• 7. 5/11/10   STUDIES MEASURING PRICE ELASTICITY OF DEMAND FOR CIGARETTES   Recommendations to improve estimation of price elasticity of cigarettes   For time series data   Need to extend data as far as 1970   Separate estimations may be done for each price classification   For cross-sectional data   Need to obtain data on cigarette price faced by household   A difference-in-difference (DID) model using pooled cross section data may be used IMPACT ON REVENUE (DOF ELASTICITY)   Limitations   Base period: 2008   Retail price: average of cigarette price data from NSO (excludes retail price of imported brands)   Excise tax per pack: average of excise taxes   Cigarette consumption: based on data on removals from BIR (data on premium-priced not available)   Assumptions   Effective tax collection   No shifting of brands   Level of smuggling does not change 7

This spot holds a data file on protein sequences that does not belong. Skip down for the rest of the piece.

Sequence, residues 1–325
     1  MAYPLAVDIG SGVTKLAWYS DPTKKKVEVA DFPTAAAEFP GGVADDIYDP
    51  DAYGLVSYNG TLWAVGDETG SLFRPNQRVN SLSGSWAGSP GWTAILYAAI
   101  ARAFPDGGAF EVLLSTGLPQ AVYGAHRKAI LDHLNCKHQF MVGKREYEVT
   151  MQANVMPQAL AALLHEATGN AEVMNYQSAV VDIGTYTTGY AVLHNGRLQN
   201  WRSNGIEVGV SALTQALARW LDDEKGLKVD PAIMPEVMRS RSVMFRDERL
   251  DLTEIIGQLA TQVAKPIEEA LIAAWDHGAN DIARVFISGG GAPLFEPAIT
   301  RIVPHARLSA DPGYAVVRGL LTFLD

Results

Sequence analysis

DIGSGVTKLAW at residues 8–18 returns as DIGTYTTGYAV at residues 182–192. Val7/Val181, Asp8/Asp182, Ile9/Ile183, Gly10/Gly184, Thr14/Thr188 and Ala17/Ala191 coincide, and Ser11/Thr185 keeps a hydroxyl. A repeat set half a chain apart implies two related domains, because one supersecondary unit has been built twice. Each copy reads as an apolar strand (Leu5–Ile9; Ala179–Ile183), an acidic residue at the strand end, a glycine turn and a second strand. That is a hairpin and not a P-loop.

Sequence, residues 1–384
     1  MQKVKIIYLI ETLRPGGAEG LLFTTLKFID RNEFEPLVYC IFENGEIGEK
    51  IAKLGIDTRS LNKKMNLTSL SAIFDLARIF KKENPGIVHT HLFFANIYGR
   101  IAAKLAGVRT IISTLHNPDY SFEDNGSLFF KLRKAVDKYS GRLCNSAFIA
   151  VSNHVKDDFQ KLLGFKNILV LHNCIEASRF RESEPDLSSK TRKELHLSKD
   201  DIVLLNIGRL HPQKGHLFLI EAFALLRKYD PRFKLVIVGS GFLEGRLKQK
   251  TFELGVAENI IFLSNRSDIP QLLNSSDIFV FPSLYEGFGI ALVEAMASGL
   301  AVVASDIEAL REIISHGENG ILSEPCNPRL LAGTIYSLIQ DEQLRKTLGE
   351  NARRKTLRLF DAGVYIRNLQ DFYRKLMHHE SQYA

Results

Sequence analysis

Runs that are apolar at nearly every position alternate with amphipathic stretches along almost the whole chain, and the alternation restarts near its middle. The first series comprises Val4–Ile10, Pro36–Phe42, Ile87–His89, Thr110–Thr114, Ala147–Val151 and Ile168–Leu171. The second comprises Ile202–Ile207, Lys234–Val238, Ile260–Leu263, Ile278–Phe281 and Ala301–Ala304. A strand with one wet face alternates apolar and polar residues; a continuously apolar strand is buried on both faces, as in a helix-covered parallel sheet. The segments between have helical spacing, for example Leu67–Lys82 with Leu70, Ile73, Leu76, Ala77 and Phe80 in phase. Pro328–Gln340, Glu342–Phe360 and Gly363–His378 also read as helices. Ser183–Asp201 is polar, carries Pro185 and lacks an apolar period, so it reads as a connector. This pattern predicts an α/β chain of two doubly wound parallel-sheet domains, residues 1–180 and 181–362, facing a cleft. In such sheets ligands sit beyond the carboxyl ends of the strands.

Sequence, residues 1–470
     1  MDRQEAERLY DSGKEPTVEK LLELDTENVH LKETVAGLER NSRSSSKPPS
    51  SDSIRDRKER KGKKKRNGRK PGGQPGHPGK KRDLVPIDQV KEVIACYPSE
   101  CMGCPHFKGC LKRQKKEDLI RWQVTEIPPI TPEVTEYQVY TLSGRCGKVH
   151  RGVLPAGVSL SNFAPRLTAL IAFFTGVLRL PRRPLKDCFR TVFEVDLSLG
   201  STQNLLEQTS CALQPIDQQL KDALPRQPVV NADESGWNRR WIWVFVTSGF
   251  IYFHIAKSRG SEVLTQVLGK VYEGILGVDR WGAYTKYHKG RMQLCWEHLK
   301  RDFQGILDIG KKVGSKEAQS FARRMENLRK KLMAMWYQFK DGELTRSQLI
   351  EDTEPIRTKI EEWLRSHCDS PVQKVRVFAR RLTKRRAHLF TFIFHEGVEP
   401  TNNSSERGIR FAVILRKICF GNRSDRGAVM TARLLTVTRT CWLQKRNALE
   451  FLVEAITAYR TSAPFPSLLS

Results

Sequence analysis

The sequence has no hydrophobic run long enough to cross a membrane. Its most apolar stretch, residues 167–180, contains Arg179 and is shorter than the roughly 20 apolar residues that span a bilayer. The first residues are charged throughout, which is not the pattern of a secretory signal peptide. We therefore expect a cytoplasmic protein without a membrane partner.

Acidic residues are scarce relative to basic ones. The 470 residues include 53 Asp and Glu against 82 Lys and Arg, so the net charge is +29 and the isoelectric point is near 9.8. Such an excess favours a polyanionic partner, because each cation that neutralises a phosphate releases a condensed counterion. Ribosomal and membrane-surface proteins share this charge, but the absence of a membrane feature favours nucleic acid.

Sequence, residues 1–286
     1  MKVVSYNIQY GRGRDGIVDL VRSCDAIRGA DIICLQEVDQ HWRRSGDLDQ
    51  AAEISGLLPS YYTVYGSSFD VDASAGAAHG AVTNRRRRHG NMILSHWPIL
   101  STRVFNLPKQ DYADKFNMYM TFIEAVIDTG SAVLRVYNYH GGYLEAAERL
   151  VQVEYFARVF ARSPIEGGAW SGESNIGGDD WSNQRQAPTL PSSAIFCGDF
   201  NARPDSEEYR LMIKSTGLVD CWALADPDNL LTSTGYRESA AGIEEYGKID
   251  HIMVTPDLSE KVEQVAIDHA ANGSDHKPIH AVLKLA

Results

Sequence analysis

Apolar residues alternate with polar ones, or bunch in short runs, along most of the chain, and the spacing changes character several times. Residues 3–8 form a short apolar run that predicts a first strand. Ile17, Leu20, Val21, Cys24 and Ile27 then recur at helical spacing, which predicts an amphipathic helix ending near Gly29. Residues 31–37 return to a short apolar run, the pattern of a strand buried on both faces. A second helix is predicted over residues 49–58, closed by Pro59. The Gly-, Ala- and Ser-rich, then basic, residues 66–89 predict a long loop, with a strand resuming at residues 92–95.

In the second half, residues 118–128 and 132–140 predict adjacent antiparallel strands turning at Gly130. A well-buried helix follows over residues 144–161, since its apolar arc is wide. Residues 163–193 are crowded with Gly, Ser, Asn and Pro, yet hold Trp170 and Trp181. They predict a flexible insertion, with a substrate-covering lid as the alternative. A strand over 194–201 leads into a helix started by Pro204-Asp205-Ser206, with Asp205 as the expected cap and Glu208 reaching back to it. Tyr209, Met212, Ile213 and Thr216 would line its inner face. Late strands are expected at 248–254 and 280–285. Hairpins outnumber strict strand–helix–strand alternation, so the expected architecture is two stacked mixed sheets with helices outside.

• 8. 5/11/10   IMPACT ON REVENUE (DOF ELASTICITY) Proposal First Year Estimated Suarez Bill World Bank (65% LacsonBill Impact (Uniform PhP of retail price = (two-tiered) 14.00) PhP 30.00) Increase in Excise Tax 9B 31 B 67 B (in PhP) Increase in Excise Tax as 0.13% 0.42% 0.91% % of 2008 GDP 2008 budget for 2008 budget for 50% of 2008 DOH and 50% DOH and DA and Equivalent to budget for of 2008 budget 50% of 2008 SCUs for SCUs budget for SCUs IMPACT ON CONSUMPTION (UPSE AND DOH ELASTICITY)   Limitations   Base period: 2008   Retail price: average of cigarette price data of top brands available per price band from NSO (excludes retail price of imported brands)   Excise tax per pack: according to price band   Cigarette consumption: based on data on removals from BIR (data on premium-priced not available)   Assumptions   Price elasticity corresponds to price band   Effective tax collection   No shifting of brands   Level of smuggling does not change   Decrease in smoking prevalence: 10% decrease in consumption translates to 1% decrease in smoking prevalence in the medium term 8